The one rule of Helicopter crashes, sorry "Hard Landings", is that you really really want the damn thing to stay upright. It looks like this fell over after hitting the ground, which is hardly ideal. Breaking both legs hardly sounds comfortable.
Still, good that our troops have been training hard in Hot, "High" and Dusty conditions and backs up this story nicely.
£43m has been spent in modifying these relatively new helicopters for the conditions in Afghanistan, including new blades. Well, this crash, sorry "Hard Landing", has blown one of those sets. Hope someone's got the insurance documents!
Still, you've got to be pleased that these are finally getting out to Afghanistan. Sure, this particular helicopter will take 8 weeks to be assembled in field (It might have been faster to just shift the Yeoville factory out there instead) and we're still only expecting six more airframes to go out there.
These 6 are an increase of 25% on the existing fleet, so using a combination of science and alchemy I can infer that there are currently 24 Helicopters in theatre, ranging from the few Chinooks we've got left that haven't been shot down (about 5) to a few Pumas and Sea Kings.
Excellent. Times have changed, we now have 30 helicopters in theatre, people have worked bloody hard to get this far (and I've got no doubt getting to this level has required superhuman performance on the part of everyone involved).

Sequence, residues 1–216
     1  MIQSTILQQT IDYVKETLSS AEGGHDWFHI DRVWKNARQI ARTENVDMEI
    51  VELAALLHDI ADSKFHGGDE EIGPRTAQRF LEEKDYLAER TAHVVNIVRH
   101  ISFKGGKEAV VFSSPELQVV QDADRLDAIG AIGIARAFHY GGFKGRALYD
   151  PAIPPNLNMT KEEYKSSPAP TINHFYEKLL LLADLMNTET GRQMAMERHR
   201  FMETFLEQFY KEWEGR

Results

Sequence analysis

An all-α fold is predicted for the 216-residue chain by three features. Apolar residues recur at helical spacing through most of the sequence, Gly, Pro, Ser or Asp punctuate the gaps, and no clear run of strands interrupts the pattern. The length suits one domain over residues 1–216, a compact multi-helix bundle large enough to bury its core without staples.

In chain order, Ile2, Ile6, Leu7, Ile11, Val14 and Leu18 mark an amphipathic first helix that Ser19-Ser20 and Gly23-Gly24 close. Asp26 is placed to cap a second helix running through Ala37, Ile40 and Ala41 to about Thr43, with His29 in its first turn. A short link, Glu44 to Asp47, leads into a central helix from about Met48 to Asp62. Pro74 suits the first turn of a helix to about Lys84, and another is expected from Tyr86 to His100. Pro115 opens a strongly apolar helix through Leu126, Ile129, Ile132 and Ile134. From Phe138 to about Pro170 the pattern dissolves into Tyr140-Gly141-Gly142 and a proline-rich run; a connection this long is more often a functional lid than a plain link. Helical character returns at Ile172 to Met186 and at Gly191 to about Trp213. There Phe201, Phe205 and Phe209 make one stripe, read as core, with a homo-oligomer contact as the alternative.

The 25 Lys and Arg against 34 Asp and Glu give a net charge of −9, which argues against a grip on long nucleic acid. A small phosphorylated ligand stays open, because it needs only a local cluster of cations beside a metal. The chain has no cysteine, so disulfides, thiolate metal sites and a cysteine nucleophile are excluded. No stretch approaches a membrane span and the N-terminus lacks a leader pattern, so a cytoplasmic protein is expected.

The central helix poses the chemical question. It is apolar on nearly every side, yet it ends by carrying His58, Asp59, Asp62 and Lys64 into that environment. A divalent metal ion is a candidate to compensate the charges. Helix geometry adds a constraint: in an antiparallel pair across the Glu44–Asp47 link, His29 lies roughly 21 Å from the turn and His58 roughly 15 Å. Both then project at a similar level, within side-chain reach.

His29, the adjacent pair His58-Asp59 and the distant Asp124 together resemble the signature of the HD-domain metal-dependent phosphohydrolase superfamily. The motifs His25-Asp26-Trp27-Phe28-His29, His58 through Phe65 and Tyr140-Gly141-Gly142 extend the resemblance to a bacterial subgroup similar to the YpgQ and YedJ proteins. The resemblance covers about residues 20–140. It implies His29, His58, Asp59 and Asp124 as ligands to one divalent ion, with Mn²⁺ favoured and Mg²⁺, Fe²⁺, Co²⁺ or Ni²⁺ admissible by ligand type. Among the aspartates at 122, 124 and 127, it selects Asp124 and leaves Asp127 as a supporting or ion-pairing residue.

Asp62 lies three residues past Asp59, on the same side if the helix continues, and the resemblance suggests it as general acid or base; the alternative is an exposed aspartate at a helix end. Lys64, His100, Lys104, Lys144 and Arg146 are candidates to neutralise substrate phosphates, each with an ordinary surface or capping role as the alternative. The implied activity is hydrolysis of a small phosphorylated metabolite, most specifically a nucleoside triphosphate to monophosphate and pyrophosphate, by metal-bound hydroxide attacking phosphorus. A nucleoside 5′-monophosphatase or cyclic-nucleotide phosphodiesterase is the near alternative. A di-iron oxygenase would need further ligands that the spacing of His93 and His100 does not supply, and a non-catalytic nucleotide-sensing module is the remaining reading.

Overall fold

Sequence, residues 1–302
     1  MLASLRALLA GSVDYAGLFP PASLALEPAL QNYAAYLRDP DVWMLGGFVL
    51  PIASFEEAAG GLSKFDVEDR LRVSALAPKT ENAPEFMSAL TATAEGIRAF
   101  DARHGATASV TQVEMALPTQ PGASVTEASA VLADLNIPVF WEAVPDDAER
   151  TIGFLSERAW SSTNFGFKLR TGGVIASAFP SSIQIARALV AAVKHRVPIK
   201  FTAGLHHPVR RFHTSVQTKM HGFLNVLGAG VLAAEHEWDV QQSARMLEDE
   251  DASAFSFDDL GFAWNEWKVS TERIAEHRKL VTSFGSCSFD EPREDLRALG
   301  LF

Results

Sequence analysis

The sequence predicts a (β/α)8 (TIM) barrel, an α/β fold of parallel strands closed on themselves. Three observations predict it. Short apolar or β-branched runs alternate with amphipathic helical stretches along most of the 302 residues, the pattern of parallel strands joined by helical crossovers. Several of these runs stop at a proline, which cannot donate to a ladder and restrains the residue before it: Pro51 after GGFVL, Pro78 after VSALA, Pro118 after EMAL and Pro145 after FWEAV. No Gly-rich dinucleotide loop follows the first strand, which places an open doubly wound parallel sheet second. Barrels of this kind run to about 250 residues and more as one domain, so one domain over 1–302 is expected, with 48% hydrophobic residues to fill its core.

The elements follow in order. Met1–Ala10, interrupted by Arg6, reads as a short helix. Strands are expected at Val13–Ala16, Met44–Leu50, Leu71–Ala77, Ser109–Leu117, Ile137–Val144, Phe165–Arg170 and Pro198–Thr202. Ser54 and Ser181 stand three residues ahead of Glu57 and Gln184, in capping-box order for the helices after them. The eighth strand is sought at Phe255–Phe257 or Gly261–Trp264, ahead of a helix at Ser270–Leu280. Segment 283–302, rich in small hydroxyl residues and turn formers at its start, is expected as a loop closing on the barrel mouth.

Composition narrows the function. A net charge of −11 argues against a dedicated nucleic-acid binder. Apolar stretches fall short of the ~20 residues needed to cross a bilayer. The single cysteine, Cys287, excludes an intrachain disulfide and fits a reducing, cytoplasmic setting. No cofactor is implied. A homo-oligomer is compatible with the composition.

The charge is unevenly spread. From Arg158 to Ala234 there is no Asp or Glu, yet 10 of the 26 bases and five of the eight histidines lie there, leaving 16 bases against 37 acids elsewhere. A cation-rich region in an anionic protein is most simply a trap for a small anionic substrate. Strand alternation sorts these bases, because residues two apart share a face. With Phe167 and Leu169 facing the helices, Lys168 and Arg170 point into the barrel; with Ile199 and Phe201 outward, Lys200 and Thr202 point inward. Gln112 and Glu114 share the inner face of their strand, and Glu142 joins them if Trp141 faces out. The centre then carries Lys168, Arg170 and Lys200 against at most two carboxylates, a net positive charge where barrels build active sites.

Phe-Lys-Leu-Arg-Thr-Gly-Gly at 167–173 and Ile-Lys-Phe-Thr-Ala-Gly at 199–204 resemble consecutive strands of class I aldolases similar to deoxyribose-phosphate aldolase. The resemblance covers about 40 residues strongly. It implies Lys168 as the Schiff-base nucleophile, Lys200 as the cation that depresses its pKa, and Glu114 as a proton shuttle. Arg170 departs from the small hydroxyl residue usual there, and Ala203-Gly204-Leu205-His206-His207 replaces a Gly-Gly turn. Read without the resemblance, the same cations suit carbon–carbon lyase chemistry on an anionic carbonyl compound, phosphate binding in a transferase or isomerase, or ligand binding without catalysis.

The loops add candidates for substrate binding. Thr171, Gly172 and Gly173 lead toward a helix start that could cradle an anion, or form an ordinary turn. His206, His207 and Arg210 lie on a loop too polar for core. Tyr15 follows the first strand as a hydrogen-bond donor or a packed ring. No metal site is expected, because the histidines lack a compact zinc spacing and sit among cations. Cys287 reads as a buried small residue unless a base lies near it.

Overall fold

Another way of looking at this figure is to compare it to the total number of helicopters we own. Afterall, we can't be using all of them for training or Christmas Trees.
Well, according to the RAF, we have 48 Chinooks (of which 8 are the SAS versions and thus useless). Assuming we have written off the two we lost recently, we're still looking at 5 in theatre from a pool of 38. Do we really need to have 7 airframes sitting around somewhere just to keep 1 airframe useable?
We have 28 Merlins, 22 initial buy (which we seem to have lost somewhere) and 6 we bought recently off the Danish - does that number sound familiar to anyone?
Pumas: 33 in service vs. the few we've got out there.
The RAF actually has a pretty decently sized SH fleet. We should be able to provide a decent level of support to our men and women on the ground. However, we do not.
The reasons for this are almost certainly down to two factors. Training and Spare Parts. The first fuck-up lies firmly at the door of the service - they have focused on training pilots for FJ and not for the SH mission. The second is a clear symptom of the mismanagement at DE&S. We are unable to put this helicopters where they are because someone didn't negotiate the contract for support properly (Yes, I know they're flying more hours than expected, that just means whoever did the original estimate was a pillock).
This leads to the problem that everyone, including those at the MoD, has had to work to get this small number out to theatre with both hands tied behind their back. I'm impressed at the work done but seriously dismayed that it takes this much work to wind up a fleet of six airframes when we have over 100 available.